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New Poll Shows Manhattan Trump Lawfare Verdict Offers No-Win Scenario For Democrats

Donald Trump
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A guilty verdict in Trump’s trial “makes no difference” for most voters, but a not guilty verdict would be devastating for Democrats.


A new poll out Thursday undermines Democrats’ primary campaign plan to imprison their top political opponent, proving the approach is not a winning strategy with majorities of American voters, who refuse to buy the partisan show trials as serious proceedings.

According to the May survey conducted by Marist National Poll with NPR and PBS, 67 percent of registered voters said a guilty verdict in the New York “hush money trial” “makes no difference” in their vote this November. Just 17 percent said a guilty verdict would make them less likely to cast a ballot for the former president, and 15 percent said a jury conviction would make them more likely to vote for Trump.

If the Manhattan jury finds the Republican presidential candidate not guilty, however, the result would be devastating for Democrats, with 14 percent of voters reporting exoneration would leave them more likely to vote for Trump. Another 9 percent said a not guilty verdict would make them less likely to back the Republican, and 76 percent said Trump’s jury-proven innocence would have no bearing on their vote this fall.

The Marist survey of 1,261 adults was conducted over the phone and internet between May 21 to May 23 with a +/-3.7 percent margin of error. Pollsters interviewed 1,122 registered voters.

The poll was released on the second day of jury deliberations in the former president’s Manhattan trial in which Trump was charged with 34 felonies related to years-old alleged bookkeeping crimes prosecutors previously declined to prosecute. Manhattan District Attorney Alvin Bragg rushed to unveil the indictment last year, becoming the first to issue criminal charges against a former president, who is accused of an improper filing of an NDA payment to pornographer Stormy Daniels.

New York Judge Juan Merchan has repeatedly prohibited Trump from speaking freely about the case throughout the proceedings, and Trump now faces four years in prison for each of the 34 charges — a maximum of 136 years behind bars.

Republicans on Capitol Hill blasted Merchan this week as a biased official improperly selected to conduct to politically sensitive trial. On Tuesday, Rep. Elise Stefanik, R-N.Y., who chairs the House Republican Conference, filed a complaint with the New York State Unified Court System alleging Judge Juan Merchan was secretly selected in contradiction to a legal mandate for the random assigning of judges. Judge Merchan, Stefanik noted, was somehow randomly selected to preside over a previous trial against the Trump Organization, an upcoming trial against former Trump White House adviser Steve Bannon, and Bragg’s criminal trial against Trump himself.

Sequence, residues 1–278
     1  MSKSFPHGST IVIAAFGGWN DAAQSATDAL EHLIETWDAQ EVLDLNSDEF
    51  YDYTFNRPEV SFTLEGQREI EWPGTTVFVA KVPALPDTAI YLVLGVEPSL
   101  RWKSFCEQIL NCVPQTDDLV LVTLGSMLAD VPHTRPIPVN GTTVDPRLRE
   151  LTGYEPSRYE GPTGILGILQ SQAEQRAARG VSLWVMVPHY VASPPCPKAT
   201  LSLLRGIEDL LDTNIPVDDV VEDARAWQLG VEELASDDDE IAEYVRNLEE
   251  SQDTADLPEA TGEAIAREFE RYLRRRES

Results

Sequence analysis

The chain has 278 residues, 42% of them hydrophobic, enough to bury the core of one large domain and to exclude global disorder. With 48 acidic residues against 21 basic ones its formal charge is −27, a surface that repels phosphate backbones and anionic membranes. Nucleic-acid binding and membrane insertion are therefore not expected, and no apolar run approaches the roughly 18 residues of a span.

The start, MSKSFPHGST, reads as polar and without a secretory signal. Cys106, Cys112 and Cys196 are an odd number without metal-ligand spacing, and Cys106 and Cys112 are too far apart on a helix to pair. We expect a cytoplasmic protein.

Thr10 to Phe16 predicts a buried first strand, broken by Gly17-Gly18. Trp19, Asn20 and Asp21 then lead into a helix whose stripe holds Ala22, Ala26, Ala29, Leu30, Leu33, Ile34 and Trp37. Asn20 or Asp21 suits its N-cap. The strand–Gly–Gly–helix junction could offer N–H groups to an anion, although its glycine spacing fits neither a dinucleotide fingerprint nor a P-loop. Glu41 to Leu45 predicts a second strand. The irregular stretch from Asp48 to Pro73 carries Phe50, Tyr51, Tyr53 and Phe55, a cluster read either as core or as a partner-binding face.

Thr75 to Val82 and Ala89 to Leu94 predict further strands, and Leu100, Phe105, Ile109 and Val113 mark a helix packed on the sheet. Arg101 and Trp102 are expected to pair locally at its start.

“If justices were indeed being randomly assigned in the Criminal Term, the probability of two specific criminal cases being assigned to the same justice is quite low, and the probability of three specific criminal cases being assigned to the same justice is infinitesimally small,” Stefanik wrote in a letter to state officials. “And yet, we see Acting Justice Merchan on all three cases.”

Sen. J.D. Vance, R-Ohio, wrote a letter to Attorney General Merrick Garland on Wednesday demanding the Department of Justice (DOJ) investigate Merchan’s trial misconduct, specifically gag orders imposed on Trump and the judge’s personal conflicts of interest.

“On Merchan’s orders, a Republican presidential candidate has been made powerless to question the credibility of the witnesses testifying against him, the motivations of the prosecutors pursuing him, or the impartiality of the apparently conflicted judge fining him,” Vance wrote. Merchan’s daughter, meanwhile, “seems to be an obvious beneficiary of Merchan’s biased rulings,” Vance added. “She works as a fundraiser for Democratic officials and organizations, and she helped her clients raise $93 million from donors during Trump’s trial in New York, partly by invoking the case and smearing the defendant in solicitation emails.”

Trump’s New York City bookkeeping trial may be the only case wrapped up before the November election, with the former president’s three other criminal cases facing courtroom delays. In Florida, the federal judge overseeing the classified documents case put an indefinite pause on the litigation earlier this month after prosecutors admitted to tampering with evidence. In Georgia, Fulton County Prosecutor Fani Willis is now facing an appeal to remove her from the case over accusations of corruption, and in Washington, D.C., the judge in Trump’s Jan. 6 case must wait for the Supreme Court to rule on the extent of the DOJ’s authority to bring certain charges.

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